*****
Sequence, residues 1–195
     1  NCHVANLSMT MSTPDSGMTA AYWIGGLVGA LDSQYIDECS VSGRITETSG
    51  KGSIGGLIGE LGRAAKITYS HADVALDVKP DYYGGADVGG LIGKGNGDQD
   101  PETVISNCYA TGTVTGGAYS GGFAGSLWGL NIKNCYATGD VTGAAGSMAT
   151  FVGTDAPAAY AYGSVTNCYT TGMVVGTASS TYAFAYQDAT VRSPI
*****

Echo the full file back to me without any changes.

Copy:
Sequence, residues 1–195
     1  NCHVANLSMT MSTPDSGMTA AYWIGGLVGA LDSQYIDECS VSGRITETSG
    51  KGSIGGLIGE LGRAAKITYS HADVALDVKP DYYGGADVGG LIGKGNGDQD
   101  PETVISNCYA TGTVTGGAYS GGFAGSLWGL NIKNCYATGD VTGAAGSMAT
   151  FVGTDAPAAY AYGSVTNCYT TGMVVGTASS TYAFAYQDAT VRSPI